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02 November 2016

Statement from UNA-NCA President on the Progress of the Climate Change Agreement

Statement from the UNA-NCA President

On November 4th, the Paris Agreement on Climate Change will enter into force. The formal ratification threshold of at least 55 Member States and at least 55% of total greenhouse gas emissions has been exceeded in an extraordinarily short period of time. 

Maintaining the momentum is critical. Implementation of the Global Goals for Sustainable Development, for example, should fully take into account both slowing the progression of, and adapting to the effects of, Climate Change. Take urgent action!

According to the Chinese proverb, a journey of a thousand miles begins with a single step. Lest the euphoria surrounding the achievement of COP 21 in Paris begins to fade, it is noteworthy that several very significant steps have been taken on the journey to meet the challenging target of keeping the global temperature rise below 2 degrees Celsius (3.6 degrees Fahrenheit) above pre-industrial levels-- and the more aspirational goal of under 1.5 degrees Celsius:
  • Once in force, under the provisions of the Climate Agreement, withdrawal of a State is technically a four-year process—a factor that has been an issue in the US election.
  • On November 7-18th, the next round of climate talks (COP22 of the UN Framework Convention on Climate Change) takes place in Marrakesh, Morocco; preliminary talks are already underway this week. Among the issues to be addressed: implementation of the Paris Agreement, financing technology transfers and adaptation to climate change, loss and damage resulting from climate change, updating science, gender issues, capacity building, and assisting the least developed countries and island states.
  • On October 14th, 170 States in Kigali, Rwanda, agreed to an amendment to the 1989 Montreal Protocol that would significantly reduce the greenhouse gas, hydrofluorocarbons (HFCs), used in refrigeration under three separate timetables, thus preventing a rise in temperature of .5 degrees Celsius (.9 Fahrenheit) by 2100. Secretary of State John Kerry called this: “The single most important step we can take at this time.”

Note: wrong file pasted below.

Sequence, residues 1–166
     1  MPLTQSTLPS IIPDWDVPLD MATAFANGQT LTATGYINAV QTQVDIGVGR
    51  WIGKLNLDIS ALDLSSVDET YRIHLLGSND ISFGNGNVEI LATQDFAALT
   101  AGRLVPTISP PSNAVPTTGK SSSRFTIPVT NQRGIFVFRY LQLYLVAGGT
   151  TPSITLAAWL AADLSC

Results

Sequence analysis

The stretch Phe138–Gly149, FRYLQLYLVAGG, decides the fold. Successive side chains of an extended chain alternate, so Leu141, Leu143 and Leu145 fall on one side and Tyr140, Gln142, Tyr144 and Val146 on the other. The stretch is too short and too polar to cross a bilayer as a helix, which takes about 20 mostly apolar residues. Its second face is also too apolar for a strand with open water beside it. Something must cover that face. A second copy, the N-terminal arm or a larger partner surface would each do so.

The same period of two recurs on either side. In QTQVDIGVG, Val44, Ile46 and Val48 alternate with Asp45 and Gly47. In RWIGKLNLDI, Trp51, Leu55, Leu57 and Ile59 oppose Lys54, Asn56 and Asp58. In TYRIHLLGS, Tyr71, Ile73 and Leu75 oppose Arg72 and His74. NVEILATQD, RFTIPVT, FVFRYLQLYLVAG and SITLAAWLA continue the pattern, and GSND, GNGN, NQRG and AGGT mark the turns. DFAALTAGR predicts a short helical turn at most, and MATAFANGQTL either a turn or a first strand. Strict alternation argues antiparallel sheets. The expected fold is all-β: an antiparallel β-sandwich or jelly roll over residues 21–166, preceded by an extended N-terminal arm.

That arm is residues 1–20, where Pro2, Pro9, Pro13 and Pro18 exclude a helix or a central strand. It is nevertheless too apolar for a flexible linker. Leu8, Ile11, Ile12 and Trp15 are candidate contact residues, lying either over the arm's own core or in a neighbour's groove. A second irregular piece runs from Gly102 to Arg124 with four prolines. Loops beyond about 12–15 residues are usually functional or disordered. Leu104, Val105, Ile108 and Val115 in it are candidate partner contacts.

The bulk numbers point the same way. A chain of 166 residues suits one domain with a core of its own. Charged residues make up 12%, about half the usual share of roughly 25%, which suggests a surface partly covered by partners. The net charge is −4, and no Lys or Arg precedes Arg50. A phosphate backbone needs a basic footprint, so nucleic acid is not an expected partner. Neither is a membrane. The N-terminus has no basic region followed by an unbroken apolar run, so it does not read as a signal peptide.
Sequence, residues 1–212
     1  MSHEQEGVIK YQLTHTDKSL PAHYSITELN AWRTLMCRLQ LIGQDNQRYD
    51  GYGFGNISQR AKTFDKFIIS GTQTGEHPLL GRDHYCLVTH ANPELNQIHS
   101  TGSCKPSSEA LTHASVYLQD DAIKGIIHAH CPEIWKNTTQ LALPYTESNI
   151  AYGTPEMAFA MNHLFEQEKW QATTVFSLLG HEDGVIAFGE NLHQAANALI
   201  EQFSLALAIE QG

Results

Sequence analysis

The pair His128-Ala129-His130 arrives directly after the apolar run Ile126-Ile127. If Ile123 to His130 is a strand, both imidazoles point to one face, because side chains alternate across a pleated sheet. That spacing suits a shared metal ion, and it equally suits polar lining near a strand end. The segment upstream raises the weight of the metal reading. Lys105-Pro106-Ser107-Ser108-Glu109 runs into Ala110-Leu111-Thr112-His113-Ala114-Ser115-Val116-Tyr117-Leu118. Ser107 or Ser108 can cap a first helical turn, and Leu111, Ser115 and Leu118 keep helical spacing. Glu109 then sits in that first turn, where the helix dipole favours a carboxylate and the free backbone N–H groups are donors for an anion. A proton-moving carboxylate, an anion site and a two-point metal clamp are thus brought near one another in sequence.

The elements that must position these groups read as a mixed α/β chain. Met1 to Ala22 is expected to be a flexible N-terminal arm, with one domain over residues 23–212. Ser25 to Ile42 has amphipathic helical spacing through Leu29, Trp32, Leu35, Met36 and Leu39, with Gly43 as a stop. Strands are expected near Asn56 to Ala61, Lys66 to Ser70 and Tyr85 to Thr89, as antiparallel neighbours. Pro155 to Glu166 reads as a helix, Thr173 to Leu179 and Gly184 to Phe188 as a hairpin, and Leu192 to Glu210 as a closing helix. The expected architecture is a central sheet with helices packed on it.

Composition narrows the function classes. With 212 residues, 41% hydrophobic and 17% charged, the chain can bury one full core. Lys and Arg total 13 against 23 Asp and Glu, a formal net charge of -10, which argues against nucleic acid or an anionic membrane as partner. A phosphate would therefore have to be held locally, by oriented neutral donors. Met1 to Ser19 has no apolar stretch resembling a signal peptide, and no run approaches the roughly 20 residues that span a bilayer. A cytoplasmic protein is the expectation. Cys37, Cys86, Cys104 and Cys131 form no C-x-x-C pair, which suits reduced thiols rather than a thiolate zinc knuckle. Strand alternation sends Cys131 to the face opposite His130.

• On October 7th, at its 39th Triennial Assembly, the 191-member International Civil Aviation Organization agreed to establish a Global Market Based Measure to offset aircraft CO emissions, which in addition to setting a CO2 standard for new aircraft, the development of biofuels and more efficient navigation systems will enable the industry to achieve its carbon neutral objective. Aircraft emissions account for between 2 and 3% of total greenhouse gas emissions.
  • On October 25th, the International Maritime Organization discussed a plan to limit CO2 emissions from international shipping, thus becoming the third sector not covered by COP21 to make progress on achieving the targets of the Climate Agreement.
  • On October 30, National Geographic launched the documentary "Before the Flood,” where Oscar winning actor Leonardo DiCaprio explores the topic of climate change, and discovers what must be done today to prevent catastrophic disruption of life on our planet. You can watch the video here.

On November 4th, the United Nations Environment Program released a report stating that even with the Paris Agreement, the world will still need to further cut 25% from predicted 2030 emissions. You can read the report here.